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I'm not incredibly familiar with how to properly setup permissions. Currently we sudo everything on the server because otherwise we don't have permission. I just got FTP up and running and I don't have permission to create a directory within a wordpress installation. I'm noticing everything there is...

-rw-r--r-- 1 root root
drwxr-xr-x 7 root root

I know I shouldn't be able to change root files, but why does root own everything? The server guy that used to be here and set all this up is gone. Is this the best way or should we have a "webdev" group or something?

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2 Answers 2

up vote 3 down vote accepted

You definitely want a group for this. I would configure a group for FTP access. Put the users in a group that you want to use for FTP users, and then I suggest the following (assuming the FTP group is called FTP and the base data directory is /ftpdata - change these as needed):

chown -R nobody:ftp /ftpdata
find /ftpdata -type f -exec chmod 664 {} \;
find /ftpdata -type d -exec chmod 2775 {} \;

Here's what you're doing...

chown -R nobody:ftp /ftpdata

This sets the owner to nobody and the group to ftp for every file and directory below /ftpdata.

find /ftpdata -type f -exec chmod 664 {} \;

This command sets every file below /ftpdata to be mode 664, that is read-write for the owner and group, and read-only for everyone else.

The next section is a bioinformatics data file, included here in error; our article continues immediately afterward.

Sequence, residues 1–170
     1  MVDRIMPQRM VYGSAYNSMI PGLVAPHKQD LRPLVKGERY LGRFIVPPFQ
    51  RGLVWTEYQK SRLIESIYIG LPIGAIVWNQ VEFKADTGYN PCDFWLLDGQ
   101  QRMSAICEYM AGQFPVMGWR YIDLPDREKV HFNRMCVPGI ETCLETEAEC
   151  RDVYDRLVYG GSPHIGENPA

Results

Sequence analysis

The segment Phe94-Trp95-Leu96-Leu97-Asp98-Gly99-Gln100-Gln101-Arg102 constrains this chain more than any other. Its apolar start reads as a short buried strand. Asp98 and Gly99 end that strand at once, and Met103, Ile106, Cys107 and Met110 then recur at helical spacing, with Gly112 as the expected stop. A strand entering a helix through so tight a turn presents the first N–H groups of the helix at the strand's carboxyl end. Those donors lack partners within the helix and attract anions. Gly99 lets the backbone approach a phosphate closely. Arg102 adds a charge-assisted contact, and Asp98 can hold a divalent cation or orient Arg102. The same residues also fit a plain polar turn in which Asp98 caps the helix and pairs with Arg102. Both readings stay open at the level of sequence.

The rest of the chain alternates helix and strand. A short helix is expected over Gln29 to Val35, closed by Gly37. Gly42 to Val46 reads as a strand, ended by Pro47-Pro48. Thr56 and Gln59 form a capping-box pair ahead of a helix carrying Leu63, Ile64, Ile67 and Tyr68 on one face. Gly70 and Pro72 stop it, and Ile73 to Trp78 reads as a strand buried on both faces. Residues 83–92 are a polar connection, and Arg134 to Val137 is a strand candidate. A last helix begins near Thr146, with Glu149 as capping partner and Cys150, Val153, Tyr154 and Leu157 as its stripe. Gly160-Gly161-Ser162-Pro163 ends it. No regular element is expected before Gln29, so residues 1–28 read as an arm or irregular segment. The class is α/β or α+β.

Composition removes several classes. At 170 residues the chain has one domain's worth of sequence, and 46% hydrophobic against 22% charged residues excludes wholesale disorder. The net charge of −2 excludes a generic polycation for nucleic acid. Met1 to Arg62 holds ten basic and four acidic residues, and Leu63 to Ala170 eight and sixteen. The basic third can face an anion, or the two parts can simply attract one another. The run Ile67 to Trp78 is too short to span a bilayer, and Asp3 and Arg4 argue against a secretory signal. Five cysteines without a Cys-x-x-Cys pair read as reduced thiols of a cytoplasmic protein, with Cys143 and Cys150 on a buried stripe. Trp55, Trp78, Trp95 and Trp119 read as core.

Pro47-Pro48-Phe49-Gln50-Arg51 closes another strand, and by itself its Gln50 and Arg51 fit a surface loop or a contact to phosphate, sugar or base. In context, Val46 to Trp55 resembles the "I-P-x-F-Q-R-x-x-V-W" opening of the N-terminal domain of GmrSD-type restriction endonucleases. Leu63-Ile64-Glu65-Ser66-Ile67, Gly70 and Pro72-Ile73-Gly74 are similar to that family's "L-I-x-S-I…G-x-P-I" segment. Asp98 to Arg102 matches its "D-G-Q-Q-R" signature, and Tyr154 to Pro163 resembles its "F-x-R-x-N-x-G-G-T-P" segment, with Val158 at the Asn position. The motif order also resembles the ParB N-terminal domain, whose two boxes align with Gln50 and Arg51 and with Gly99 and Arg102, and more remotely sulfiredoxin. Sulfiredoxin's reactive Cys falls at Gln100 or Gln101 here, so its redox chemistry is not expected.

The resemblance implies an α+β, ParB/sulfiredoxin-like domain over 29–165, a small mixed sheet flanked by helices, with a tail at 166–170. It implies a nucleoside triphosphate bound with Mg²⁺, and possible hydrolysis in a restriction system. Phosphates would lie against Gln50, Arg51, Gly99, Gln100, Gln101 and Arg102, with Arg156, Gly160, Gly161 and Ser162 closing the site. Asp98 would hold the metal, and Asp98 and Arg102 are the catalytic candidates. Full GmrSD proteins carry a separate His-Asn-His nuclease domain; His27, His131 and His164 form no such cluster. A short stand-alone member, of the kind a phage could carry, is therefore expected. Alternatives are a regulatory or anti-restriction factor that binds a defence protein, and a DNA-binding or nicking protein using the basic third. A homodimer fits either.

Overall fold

find /ftpdata -type d -exec chmod 2775 {} \;

This command sets every directory below /ftpdata to 2775, that is read-write-and-execute for the owner and group, and read-execute for the world, plus any new files created in any of those directories will be owned by the ftp group.

The 2 in 2775 is "Set Group ID" - whenever a new file is created in a directory with that bit set, it makes the group of that file the same as the group that owns the directory. Without that, a user who's primary group is not the ftp group will create files that are owned by another group, and may not be accessible by other members of the group.

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I did id user and it shows "1003(web-dev),1007(ftp)" so should I use 7 or 1007 instead of the 2? –  Webnet Jul 7 '10 at 20:28
    
No, the 2 I'm referring to is part of the permissions, it has nothing to do with who owns the directory. Read the chmod man page, it will make more sense. The first octal digit can be a combination of 4 (Set User ID), 2 (Set Group ID), or 1 (Sticky). These change the way the directory or file operates in specific ways beyond the normal permission modes. –  baumgart Jul 9 '10 at 0:29
    
How can I setup the server so that it gives the files these permissions automatically via VSFTPD ? –  Webnet Oct 10 '10 at 22:45

Root SHOULDNT own everything.

Create a group, add your FTP users to the group.

Give the directories and files you want the proper permissions. This command will make the directories and files readable and writeable by the owner and the group, and readable by the world.

chmod -R 764 /the/path/to/files

Google 'Unix File Permissions' and/or 'chmod' for further explanation if this doesn't help.

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